Oaxaca, 2018: Jon Hall, 4 days & 22 species including Van Gelder’s Bat and Osgood’s Mouse.
Yucatan, 2018: Venkat Sankar, 5 nights & 41 species including Hairy-legged Vampire Bat, Cozumel Golden Bat and Gaumer’s Mouse Opossum.
Baja California & the Sea of Cortez, 2017: Richard Webb, 11 days & 16 species including Dwarf Sperm Whale, Peruvian (Pygmy) Beaked Whales and Guadalupe Fur Seals.
Yucatan, 2016: Richard Webb, 2 weeks & 17 species including Tayra, Long-tailed Weasel and a Margay!
Mexico, 2016: Venkat Sankar, 10 days & 42 species including Durango Chipmunk, Smoky Pocket Gopher, Southern Rock Mouse, Volcano Rabbit and Mexican Giant Shrew.
Yucatan, 2016: Vladimir Dinets, 10 days & lots of smaller mammals in particular including Mexican and Grayish Mouse Opossums, Yucatan Small-eared Shrew and Black-winged Little Yellow Bat.
Sea of Cortez, 2016 (April), 2016 : Naturetrek, 2 weeks & 15 species including Blue Whale, Bryde’s Whale, Guadalupe Fur Seal and Botta’s Pocket Gopher.
Sea of Cortez, 2016 (Feb): Naturetrek, 2 weeks & 18 species including Blue Whale, Bryde’s Whale and Dwarf Sperm Whale.
Quintana Roo, 2015: Jon Hall, 2 nights and 5 species including Cozumel Raccoon, Cozumel Coati and Yucatan Squirrel.
Yucatan, 2015: Chris Shepherd, 3 weeks & 15 or so species including a Tayra and Mexican Mouse Opossum.
Chiapas, 2015: Michael Kessler’s notes of mammals seen during a 3 week botanical trip to El Triunfo Biosphere Reserve. 20 species including Cacomistle, Tapir, Mantled Howler and Central American Spider Monkeys and (very nearly) a Jaguar.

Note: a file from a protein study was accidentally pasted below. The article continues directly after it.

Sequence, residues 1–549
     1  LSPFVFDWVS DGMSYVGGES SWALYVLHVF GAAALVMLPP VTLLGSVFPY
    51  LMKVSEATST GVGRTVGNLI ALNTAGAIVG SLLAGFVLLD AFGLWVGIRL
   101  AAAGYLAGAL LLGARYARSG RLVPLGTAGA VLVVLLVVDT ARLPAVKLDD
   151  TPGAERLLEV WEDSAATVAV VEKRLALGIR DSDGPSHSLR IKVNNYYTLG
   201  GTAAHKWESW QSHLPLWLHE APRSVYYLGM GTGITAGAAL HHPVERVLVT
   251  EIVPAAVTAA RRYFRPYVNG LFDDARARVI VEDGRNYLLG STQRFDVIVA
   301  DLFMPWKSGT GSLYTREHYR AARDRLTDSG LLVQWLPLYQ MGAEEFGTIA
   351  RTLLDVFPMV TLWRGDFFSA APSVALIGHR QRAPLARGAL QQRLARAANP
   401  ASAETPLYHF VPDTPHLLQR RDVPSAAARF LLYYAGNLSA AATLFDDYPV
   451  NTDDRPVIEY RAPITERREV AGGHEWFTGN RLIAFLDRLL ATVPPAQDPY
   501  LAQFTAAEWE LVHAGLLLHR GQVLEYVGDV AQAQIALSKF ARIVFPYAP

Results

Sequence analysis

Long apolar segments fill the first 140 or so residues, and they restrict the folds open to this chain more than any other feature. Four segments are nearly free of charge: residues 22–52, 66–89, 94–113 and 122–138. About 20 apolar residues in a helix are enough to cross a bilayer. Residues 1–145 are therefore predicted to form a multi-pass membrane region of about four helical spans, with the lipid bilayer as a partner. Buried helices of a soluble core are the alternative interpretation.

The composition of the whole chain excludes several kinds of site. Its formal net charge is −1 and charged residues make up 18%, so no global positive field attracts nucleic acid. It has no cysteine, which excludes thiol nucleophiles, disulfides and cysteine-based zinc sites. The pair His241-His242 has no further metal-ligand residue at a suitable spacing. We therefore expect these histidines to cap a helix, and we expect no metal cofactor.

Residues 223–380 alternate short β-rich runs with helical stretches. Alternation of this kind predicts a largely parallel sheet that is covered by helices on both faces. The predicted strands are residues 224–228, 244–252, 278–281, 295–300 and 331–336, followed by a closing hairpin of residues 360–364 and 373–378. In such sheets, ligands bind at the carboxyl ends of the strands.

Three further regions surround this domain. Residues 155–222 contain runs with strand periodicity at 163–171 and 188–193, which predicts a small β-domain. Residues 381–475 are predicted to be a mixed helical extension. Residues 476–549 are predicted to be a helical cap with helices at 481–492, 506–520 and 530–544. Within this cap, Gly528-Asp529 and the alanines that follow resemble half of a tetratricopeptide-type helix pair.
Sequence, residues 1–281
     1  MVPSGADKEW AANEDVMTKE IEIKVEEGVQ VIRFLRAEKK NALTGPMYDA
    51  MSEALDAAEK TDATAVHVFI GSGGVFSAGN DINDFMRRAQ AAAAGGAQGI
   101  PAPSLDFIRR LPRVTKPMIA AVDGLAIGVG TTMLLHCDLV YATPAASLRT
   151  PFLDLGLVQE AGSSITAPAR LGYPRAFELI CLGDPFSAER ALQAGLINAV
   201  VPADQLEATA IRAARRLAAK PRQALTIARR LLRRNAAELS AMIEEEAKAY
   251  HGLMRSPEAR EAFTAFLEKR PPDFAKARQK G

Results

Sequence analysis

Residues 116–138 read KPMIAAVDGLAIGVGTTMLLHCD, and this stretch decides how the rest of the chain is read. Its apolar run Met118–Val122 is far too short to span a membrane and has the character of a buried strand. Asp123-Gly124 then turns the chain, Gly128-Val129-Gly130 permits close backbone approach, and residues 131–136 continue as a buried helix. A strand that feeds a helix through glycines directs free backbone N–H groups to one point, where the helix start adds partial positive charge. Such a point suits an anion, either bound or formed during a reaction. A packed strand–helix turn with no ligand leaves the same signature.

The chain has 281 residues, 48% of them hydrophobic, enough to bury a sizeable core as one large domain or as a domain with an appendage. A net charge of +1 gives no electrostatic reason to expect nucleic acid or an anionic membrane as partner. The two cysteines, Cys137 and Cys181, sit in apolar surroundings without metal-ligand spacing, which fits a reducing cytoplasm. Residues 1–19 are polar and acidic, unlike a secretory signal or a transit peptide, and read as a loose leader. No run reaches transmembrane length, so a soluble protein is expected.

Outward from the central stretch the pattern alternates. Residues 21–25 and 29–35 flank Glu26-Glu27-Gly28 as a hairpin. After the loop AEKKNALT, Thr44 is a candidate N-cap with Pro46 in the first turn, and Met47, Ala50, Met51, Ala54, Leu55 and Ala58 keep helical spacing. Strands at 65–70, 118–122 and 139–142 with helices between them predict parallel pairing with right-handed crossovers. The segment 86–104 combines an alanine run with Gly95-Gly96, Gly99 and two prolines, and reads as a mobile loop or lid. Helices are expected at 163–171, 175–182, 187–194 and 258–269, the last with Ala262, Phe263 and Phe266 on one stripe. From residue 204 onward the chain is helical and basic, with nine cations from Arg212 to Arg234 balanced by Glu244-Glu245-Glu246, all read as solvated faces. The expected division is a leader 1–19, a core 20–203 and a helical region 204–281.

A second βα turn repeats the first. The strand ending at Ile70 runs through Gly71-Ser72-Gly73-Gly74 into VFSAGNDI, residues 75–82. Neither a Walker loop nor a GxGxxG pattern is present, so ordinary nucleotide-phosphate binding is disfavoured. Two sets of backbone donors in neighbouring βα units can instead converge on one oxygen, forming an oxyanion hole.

Isla Guadalupe, 2014: Cheryl Antonucci’s trip to cage dive with White-pointer Sharks (Great Whites) also produced 12 mammals including Blue Whales, Guadalupe Fur Seals and Cuvier’s Beaked Whales. Fantastics pictures.
Cozumel, 2012: Vladimir Dinets and some notes of a trip to Cozumel where the mammals include the endemic Cozumel Raccoons.
Central America, 2011 & 12: Dominie Brugiere, combined notes on two trips through the Yucatan, Guatemala, Honduras and Belize. Lots of mammals.
Mexico City area, 2012: Vladimir Dinets and some combined detailed notes on visits in 2003 and 2012, featuring many small mammals and bats.
Mexico, 2011: Hugh Buck, a month mainly birding but with 17 mammal species.
Baja California, 2010 : Coke Smith, 12 days & 21 species including Kit Foxes and an American Badger.
Northern Mexico. Some detailed notes on a range of sites and species from Vladimir Dinets (May 2015)
RFI for Jalisco (December 2011)
Margays in Colima and Michoacan (April 2011)
ID help wanted with Mexican mammals (March 2010)
Range map for two endemic k-rats in central Mexico, October 2018